Historian Hallie Rubenhold sets out to reclaim the lives of the women killed by ‘Jack The Ripper’.

Praised for its fresh approach to arts, science and psychology, and recognised as the ‘go to cultural series’ in the North, this March Berwins Salon North returns for its next digital foray with the historian Hallie Rubenhold, as she sets the record straight on the victims killed by ‘Jack The Ripper’.

Polly, Annie, Elizabeth, Catherine and Mary-Jane are famous for the same thing, though they never met. They came from Fleet Street, Knightsbridge, Wolverhampton, Sweden and Wales. They wrote ballads, ran coffee houses, lived on country estates, they breathed ink-dust from printing presses and escaped people-traffickers.

What they had in common was the year of their murders: 1888. The person responsible was never identified, but the character created by the press to fill that gap has become far more famous than any of these five women – for this was the mysterious killer ‘Jack The Ripper’.

You’d be forgiven for wondering why we didn’t write prostitute in their list of similarities, after all for more than a century, we were led to believe that it was in these back alleys that ‘The Ripper’ preyed – but as Hallie Rubenhold shares, not only is there no proof that this was the case, but it has also prevented the real stories of these fascinating women being told – indeed It is astonishing how little we know about these five, apart from their names. Could it be, she asks, that we have been so busy trying to unmask the murderer (with hundreds of TV programmes, books and articles on the subject) that we have forgotten that the victims were real people, with real lives?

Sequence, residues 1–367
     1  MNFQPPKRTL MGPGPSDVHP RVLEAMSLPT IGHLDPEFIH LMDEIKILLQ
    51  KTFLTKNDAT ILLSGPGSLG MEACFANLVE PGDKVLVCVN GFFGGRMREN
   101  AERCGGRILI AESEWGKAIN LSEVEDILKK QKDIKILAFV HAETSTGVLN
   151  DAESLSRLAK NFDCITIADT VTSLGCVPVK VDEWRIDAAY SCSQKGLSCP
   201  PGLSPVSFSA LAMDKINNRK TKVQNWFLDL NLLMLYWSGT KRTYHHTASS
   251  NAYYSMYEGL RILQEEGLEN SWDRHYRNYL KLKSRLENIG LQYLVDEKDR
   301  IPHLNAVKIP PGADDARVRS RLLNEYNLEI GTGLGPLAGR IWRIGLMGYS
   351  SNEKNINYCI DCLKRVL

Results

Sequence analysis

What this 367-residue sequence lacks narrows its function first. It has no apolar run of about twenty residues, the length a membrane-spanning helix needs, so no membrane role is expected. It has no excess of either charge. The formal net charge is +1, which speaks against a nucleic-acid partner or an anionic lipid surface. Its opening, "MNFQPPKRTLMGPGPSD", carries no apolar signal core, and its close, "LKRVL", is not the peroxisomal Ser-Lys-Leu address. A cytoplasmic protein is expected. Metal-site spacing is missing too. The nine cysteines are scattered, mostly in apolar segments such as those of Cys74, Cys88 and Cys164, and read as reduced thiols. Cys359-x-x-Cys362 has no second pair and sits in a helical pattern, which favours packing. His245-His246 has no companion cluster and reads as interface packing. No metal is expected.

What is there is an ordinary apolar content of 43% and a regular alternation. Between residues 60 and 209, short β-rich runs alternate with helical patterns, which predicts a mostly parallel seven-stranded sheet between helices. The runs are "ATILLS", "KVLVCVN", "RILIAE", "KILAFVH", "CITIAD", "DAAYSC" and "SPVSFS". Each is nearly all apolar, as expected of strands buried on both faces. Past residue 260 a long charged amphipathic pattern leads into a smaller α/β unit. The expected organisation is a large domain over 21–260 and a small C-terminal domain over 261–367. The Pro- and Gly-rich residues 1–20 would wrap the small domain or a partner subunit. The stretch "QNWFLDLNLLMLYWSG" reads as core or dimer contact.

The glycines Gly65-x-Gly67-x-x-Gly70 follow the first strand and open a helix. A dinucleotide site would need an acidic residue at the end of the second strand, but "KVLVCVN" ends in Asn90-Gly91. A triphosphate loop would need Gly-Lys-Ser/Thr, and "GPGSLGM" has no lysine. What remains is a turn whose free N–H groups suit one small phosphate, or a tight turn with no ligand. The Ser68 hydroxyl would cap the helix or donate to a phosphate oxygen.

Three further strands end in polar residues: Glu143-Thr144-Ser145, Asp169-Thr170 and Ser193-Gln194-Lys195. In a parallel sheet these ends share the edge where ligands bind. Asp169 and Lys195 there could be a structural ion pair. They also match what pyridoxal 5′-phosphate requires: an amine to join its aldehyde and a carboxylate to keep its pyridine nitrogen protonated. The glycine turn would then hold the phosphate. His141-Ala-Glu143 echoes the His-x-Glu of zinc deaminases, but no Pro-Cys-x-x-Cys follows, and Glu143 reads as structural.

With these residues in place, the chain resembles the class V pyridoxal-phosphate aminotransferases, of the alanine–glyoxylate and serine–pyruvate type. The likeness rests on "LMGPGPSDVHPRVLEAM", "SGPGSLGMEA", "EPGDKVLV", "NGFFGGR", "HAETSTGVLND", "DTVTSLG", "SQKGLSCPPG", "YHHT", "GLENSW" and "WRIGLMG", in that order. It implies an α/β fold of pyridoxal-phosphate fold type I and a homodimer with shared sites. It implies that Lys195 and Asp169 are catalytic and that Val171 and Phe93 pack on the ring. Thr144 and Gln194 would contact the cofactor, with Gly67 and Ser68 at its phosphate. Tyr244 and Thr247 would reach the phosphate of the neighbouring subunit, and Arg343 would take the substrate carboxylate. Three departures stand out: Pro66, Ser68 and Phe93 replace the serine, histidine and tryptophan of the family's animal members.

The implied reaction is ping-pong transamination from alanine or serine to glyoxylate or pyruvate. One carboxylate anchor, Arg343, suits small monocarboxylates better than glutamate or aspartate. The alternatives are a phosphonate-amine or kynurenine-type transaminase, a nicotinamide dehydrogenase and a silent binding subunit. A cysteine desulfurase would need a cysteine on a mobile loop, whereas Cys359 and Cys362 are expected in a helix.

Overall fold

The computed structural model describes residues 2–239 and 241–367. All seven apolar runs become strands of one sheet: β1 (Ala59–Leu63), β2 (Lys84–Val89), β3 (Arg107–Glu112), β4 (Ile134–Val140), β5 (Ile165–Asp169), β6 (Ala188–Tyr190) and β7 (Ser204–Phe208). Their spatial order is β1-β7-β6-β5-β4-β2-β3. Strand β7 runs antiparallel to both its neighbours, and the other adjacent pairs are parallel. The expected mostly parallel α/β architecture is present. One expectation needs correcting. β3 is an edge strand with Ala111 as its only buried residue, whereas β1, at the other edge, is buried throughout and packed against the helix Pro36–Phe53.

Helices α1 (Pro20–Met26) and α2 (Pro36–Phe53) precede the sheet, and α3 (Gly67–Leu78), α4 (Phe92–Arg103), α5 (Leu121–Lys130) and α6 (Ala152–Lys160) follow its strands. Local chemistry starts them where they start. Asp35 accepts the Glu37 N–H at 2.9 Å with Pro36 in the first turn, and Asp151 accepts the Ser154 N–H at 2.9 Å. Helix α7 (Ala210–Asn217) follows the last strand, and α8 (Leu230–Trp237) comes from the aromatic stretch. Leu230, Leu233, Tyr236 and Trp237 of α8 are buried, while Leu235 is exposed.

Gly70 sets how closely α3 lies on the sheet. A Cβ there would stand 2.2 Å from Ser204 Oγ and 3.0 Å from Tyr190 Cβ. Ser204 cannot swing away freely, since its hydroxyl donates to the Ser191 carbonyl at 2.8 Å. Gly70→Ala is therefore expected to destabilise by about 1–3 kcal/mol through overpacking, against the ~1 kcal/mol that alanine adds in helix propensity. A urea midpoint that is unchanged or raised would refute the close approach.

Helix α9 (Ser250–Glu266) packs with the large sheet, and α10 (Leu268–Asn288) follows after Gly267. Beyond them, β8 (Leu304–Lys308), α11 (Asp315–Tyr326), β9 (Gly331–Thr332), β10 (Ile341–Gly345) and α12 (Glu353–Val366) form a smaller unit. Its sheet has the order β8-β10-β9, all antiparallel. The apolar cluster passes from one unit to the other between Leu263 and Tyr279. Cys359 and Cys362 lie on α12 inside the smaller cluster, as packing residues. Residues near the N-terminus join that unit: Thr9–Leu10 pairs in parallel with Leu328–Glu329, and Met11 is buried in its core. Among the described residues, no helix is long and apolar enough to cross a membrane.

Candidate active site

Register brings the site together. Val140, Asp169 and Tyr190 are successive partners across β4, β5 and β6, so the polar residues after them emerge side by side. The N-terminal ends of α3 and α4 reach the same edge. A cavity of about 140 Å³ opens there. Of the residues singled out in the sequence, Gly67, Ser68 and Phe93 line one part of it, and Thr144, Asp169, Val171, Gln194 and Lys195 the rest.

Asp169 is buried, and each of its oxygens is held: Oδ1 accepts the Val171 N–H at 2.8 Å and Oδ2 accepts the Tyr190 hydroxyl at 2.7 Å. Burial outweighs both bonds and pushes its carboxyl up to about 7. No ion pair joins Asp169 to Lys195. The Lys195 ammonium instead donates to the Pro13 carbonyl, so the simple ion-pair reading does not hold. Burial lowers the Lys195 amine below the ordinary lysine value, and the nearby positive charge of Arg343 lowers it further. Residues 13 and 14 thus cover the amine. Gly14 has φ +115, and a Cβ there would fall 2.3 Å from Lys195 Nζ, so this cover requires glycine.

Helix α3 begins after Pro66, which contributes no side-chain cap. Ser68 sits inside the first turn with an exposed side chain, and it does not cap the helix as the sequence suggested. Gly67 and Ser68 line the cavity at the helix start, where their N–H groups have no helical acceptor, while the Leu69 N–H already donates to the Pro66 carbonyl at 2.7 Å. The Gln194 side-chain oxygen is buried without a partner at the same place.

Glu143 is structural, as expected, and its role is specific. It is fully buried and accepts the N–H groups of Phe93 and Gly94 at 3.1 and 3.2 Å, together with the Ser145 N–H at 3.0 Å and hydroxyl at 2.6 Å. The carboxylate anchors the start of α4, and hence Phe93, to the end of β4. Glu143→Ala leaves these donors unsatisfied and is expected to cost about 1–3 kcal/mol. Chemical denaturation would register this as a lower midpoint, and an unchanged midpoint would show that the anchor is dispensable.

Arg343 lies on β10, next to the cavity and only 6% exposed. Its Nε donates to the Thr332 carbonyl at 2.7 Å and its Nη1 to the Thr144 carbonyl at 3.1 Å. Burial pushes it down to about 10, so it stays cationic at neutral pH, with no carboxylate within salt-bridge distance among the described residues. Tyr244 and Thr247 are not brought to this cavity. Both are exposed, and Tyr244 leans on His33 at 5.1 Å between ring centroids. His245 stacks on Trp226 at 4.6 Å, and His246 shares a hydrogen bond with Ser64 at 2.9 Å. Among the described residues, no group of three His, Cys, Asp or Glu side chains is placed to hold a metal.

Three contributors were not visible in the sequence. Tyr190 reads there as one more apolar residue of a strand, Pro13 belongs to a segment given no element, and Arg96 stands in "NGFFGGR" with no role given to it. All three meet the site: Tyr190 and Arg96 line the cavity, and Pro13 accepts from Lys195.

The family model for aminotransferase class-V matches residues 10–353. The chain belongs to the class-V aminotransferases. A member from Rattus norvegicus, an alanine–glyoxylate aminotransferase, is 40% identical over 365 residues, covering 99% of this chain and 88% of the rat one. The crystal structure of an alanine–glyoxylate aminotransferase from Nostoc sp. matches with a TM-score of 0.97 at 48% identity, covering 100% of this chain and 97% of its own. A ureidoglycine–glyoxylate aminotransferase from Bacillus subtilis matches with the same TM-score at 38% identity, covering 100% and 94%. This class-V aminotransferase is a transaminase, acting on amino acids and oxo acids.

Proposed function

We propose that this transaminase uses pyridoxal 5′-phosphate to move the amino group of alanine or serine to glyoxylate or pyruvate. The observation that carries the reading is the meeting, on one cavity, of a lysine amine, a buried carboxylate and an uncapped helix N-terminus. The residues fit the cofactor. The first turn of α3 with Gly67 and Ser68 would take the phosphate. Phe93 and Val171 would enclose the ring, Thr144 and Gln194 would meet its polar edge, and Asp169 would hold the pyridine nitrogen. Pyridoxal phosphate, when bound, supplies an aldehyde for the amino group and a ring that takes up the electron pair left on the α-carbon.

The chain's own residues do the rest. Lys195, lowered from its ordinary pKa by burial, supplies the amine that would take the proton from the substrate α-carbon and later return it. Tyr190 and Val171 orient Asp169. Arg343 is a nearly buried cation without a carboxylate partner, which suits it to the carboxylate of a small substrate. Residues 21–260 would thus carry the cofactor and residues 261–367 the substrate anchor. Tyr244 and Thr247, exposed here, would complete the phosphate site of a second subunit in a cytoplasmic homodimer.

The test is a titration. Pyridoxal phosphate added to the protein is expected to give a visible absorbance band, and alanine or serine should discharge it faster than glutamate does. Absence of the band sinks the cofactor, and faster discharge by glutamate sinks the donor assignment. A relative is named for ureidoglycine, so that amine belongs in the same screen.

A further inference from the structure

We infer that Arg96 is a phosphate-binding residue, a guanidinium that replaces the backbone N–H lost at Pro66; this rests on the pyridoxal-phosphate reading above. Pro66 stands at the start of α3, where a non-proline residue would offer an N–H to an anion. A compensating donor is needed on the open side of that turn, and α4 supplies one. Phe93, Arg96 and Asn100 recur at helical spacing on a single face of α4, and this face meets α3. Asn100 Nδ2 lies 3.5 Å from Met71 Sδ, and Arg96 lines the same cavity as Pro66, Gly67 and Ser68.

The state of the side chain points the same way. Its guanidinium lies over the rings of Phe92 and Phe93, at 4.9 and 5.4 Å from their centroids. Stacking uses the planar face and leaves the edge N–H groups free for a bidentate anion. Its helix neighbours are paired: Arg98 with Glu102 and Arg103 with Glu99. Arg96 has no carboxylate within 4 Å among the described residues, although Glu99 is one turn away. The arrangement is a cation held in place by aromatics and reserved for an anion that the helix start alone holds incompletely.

An American historian who moved to London to study British History, Hallie has meticulously worked to uncover the story of five women who became the Ripper’s victims, who until her groundbreaking work, had never been given a voice of their own, and whom for many have been mere clues on the hunt for his (or her) discovery for over 130 years.

Hallie joins us online for Berwins Salon North this March, to set the record straight, revealing a world not just of Dickens and Queen Victoria, but of these women’s lives: from poverty to homelessness and rampant misogyny, as she sets about reclaiming the lost stories of ‘The 5: The Women Killed by Jack The Ripper’.

Joining Hallie, and host Helen Bagnall, for Berwins Salon North on Thursday 25th March with be, Alan Levinovitz who asks if it is time for us to consider what we mean by ‘natural’ in: The Seductive Myth of Nature’s Goodness, and broadcaster and award winning science writer Gaia Vince, who explore the astonishing story of how culture enabled us to become the most successful species on Earth in: How Humans Evolved Through Fire, Language, Beauty, and Time.

Sponsored by Harrogate law firm, Berwins, and produced by arts charity Harrogate International Festivals, the online events will stream for free on the HIF player from 7.30pm on Thursday 25 March. For more information please click here.